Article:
Politically, the CAR is an emerging democracy, whose population has the vote from age 21. The Republic's head of state is elected by popular vote for a 6-year term. He or she is responsible for appointing a prime minister as head of government, the council of ministers (cabinet), and the judges who serve the supreme and constitutional courts. The legal system is based in French law. The parliamentary structure is a 109-seat unicameral National Assembly, whose members are elected by the people and serve for 5 years. The National Assembly is advised by the Economic and Regional Council. The 2 bodies, when deliberating together, are known as the Congress. Local government is administered by 14 departments called prefectures, plus 2 economic prefectures, while the capital, Bangui, is designated as a commune.
There are 11 political parties, which field candidates for the National Assembly, but only a handful win representation. Until the mid-1990s, however, the country was run as a 1-party state, the party of the president. After the adoption of a constitution in January 1995, the system became more democratic and representative. By 2000, there were 12 political parties operating in the country.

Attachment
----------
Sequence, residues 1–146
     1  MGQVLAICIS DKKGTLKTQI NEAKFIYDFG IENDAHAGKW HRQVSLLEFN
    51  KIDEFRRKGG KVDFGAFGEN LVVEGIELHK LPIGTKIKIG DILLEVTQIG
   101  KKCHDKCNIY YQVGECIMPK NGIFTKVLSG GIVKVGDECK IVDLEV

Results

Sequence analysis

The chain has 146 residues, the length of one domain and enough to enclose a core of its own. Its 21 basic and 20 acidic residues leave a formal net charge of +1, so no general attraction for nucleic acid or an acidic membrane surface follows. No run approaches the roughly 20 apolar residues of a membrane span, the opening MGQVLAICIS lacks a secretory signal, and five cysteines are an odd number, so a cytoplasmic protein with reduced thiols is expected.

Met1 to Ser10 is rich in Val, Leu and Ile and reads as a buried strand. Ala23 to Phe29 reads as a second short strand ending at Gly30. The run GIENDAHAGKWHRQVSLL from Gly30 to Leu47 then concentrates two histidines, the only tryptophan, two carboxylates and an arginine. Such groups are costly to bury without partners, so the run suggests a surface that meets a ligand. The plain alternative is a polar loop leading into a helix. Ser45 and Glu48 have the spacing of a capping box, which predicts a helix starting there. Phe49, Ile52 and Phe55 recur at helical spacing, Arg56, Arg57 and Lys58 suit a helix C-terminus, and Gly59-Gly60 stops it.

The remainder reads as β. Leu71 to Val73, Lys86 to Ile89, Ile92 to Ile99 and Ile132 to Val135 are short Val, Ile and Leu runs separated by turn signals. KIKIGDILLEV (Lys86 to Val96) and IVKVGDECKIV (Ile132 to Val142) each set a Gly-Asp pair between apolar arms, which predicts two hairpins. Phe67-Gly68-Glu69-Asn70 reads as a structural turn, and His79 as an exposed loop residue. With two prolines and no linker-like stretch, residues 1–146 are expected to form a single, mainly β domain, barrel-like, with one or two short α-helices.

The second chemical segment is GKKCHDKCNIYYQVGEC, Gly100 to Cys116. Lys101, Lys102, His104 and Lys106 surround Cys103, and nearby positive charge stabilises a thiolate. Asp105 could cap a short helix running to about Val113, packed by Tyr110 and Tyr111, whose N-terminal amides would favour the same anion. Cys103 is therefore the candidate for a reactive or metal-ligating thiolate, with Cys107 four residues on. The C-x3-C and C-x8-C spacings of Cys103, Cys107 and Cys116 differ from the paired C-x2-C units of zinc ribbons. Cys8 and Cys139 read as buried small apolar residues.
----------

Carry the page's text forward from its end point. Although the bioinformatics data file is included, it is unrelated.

An army officer, Jean Bedel Bokassa, stands as a potent symbol of the corruption and excess that characterizes many African leaders. Bokassa seized power in a military coup in 1965 and ruled for 14 years until 1979. In 1977, he crowned himself emperor-for-life in a lavish ceremony and began nationalizing the CAR's few industries. Under Bokassa's management, the economic steadily declined. The country's 3 other presidents since independence (David Dacko, Andre Kolingba, and Ange-Felix Patasse), they have proved unable to manage the CAR's economy.
After many decades of stability, army mutinies in 1996 and 1997 destabilized the political institutions and damaged the economy of the CAR. The mutinies began after soldiers, students, and civil servants protested over not being paid for months. The protest widened into widespread looting and destruction in the capital. After 3 years, a regional military force and a United Nations (UN) peacekeeping force reestablished political stability, allowing the CAR to organize democratic elections. The UN force was removed in 2000, but the budgetary problems—if not the open hostility—that caused the mutinies remain. Unable to reduce widespread tax evasion, the Central African government remains unable to raise enough revenue to pay its employees.